Current Position: Freelance hair stylist and private music educator
Candidate: 2019 State Senator
Source: Campaign page
Born and raised in the District with deep familial roots, Dakota Claytor went to Amherst County Public schools where he participated in theater, show choir, and interned with a middle school music teacher as a high school Senior. Dakota has since become a freelance hair stylist and private music educator. He has also been actively involved in community theater where he can be often be found on stage.
Dakota like so many in our district has witnessed first-hand the crippling effects of a broken healthcare system in Virginia. His mother has significant health issues and had applied for nearly twenty years before being granted disability benefits. With insurance premiums at an all-time high, skyrocketing medical costs, and limited access to quality healthcare, many families often must make the impossible decision between basic human needs and medical care. Dakota decided to take action by challenging the incumbent upon realizing that he voted against the Medicaid Expansion Bill (HB338). Family members often must become caretakers for loved ones, forgoing financially stable employment.
Having graduated from Virginia public schools, Dakota witnessed deteriorating school buildings and teachers who were pouring their hearts out for little to no reward. He believes wholeheartedly in an education system that works for all students, those who have unlimited opportunities and those who are under-served. We can best serve all students when schools have adequate funding and teachers feel like they are appreciated and supported. Our education system has made great improvement in recent years, however, there are still children falling through the cracks. Dakota believes students can better be served with smaller class sizes and a focus on developing students for real world situations through a more interactive learning environment.
Growing up in a lower to middle class household, Dakota has seen that those who do the toughest labor typically end up struggling the most financially. His father has consistently worked six to seven days a week while still finding enough time to support his two children in their extracurricular activities. Blue collar jobs are the foundation of this District which is why he plans to shift focus to job training and trade schools to further develop a skilled work force. He has clear eyes to the potential that legalization of medical and recreational cannabis would benefit the district financially though agricultural development. He wants to work with small companies to expand broadband access to rural areas in the district in order to foster a better-connected workforce.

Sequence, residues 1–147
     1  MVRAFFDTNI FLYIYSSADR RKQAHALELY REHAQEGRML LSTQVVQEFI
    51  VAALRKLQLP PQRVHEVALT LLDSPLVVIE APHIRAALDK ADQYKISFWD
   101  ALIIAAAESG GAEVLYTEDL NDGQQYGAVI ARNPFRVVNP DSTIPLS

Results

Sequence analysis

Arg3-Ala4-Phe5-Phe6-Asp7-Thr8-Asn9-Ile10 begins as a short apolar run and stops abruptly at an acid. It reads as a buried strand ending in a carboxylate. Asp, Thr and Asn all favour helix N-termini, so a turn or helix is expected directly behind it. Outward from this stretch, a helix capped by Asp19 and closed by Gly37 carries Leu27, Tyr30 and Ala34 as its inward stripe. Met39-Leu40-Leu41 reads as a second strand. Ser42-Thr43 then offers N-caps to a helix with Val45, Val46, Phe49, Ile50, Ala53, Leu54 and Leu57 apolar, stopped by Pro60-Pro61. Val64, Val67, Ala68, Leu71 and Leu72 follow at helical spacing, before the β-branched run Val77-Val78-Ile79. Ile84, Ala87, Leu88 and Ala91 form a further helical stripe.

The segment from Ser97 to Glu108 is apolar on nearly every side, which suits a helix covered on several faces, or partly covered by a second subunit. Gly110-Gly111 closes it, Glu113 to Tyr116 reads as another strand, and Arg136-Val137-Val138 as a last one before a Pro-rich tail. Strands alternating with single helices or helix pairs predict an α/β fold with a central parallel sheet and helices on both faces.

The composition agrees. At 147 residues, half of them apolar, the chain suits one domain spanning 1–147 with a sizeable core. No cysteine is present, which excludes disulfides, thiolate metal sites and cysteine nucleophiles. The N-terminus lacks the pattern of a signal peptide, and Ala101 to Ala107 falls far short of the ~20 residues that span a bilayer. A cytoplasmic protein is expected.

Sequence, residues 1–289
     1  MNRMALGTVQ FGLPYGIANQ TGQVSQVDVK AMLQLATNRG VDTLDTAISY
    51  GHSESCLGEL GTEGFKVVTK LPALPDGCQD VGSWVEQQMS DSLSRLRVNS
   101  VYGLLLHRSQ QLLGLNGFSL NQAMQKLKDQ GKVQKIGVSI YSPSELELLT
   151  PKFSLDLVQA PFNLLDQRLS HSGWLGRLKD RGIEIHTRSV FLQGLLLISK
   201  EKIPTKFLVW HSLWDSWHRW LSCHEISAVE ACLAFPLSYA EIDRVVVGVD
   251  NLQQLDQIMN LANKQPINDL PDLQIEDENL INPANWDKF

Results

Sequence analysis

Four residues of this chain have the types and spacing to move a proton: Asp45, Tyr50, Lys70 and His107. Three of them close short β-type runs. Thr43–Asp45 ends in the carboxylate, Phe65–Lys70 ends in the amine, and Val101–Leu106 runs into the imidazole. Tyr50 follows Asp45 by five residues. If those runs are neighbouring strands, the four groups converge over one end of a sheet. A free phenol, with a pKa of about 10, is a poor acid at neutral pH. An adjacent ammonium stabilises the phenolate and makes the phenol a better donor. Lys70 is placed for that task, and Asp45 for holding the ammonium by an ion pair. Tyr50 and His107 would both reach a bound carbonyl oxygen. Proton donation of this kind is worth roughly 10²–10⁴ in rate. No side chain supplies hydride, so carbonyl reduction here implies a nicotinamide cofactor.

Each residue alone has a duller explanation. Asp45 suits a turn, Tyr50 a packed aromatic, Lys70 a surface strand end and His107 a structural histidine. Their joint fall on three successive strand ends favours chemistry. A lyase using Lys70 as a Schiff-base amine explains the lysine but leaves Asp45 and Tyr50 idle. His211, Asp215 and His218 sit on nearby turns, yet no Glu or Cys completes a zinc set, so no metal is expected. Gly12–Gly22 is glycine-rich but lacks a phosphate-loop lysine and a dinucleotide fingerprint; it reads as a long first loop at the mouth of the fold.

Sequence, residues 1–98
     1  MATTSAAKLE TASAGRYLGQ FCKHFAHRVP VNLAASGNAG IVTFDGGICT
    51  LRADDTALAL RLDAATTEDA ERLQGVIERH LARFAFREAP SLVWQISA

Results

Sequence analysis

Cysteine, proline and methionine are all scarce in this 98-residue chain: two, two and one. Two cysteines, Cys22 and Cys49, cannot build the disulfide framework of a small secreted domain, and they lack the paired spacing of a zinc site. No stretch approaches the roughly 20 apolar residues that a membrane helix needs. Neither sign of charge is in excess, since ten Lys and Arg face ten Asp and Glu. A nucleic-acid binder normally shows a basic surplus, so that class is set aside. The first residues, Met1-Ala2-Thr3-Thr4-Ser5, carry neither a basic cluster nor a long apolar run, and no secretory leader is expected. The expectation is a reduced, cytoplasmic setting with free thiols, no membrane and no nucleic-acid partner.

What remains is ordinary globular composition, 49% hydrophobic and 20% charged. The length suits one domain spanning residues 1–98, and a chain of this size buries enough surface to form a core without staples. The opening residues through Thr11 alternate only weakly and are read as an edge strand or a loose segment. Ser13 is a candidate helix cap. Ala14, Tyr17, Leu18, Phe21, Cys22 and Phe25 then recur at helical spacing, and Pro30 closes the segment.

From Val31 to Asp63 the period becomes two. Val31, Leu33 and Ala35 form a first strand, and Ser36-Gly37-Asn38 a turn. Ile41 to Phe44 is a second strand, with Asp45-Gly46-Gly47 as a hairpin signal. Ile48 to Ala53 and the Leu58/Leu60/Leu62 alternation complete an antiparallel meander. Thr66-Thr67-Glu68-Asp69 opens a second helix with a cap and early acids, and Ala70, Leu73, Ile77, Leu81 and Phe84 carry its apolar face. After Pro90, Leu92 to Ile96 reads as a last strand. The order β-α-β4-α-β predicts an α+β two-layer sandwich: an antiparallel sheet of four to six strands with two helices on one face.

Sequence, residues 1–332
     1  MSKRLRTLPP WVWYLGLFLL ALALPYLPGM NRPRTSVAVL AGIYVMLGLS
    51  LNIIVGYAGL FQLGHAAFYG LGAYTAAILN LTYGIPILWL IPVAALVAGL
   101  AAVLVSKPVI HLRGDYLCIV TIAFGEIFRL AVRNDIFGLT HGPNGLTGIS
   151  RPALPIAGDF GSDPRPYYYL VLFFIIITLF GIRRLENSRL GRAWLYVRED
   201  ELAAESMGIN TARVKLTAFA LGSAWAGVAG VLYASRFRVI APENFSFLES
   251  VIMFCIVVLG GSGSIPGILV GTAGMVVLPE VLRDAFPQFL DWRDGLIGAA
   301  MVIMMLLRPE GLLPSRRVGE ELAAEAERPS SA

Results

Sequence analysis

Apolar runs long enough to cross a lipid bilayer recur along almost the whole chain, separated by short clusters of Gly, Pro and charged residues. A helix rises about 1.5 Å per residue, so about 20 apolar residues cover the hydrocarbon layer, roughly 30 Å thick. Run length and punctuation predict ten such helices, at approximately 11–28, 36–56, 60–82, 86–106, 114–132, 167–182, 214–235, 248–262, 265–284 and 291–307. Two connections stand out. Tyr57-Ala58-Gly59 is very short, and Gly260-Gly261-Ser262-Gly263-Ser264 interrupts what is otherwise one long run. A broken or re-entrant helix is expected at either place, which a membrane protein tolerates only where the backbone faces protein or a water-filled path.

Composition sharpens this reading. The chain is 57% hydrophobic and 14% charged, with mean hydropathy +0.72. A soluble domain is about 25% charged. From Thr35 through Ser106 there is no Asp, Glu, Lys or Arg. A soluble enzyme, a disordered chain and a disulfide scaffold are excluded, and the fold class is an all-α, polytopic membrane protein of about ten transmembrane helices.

Dakota Claytor wants to be a voice for the voiceless, an advocate for teachers, small business owners, and farmers, and represent the district as a whole. He is the right person for the Senate because he is young, energetic, and believes in systemic change for Virginia. He looks forward to meeting all of his future constituents in order to better represent each and every one.
- Campaign – email@example.com
Dakota plans to shift focus to job training and trade schools to further develop a skilled work force.
He has clear eyes to the potential that legalization of medical and recreational cannabis would benefit the district financially.
He wants to work with small companies to expand broadband access to rural areas in the district in order to foster a better connected workforce.
As a proud product of Virginia’s public school system, Dakota is concerned with the current conditions of many schools in the district.
He wants to ensure that Virginia keeps its promise to adequately provide resources to rural schools.
Dakota holds the belief that Virginia has an obligation to work diligently to narrow the pay gap between educators and all other college graduates.
Dakota believes in fighting for a healthcare system that works for all Virginians.
He supports further expanding Medicaid and building on the great progress Virginia made in 2018.
He sees the value of community health centers and plans to focus funding for health and community services.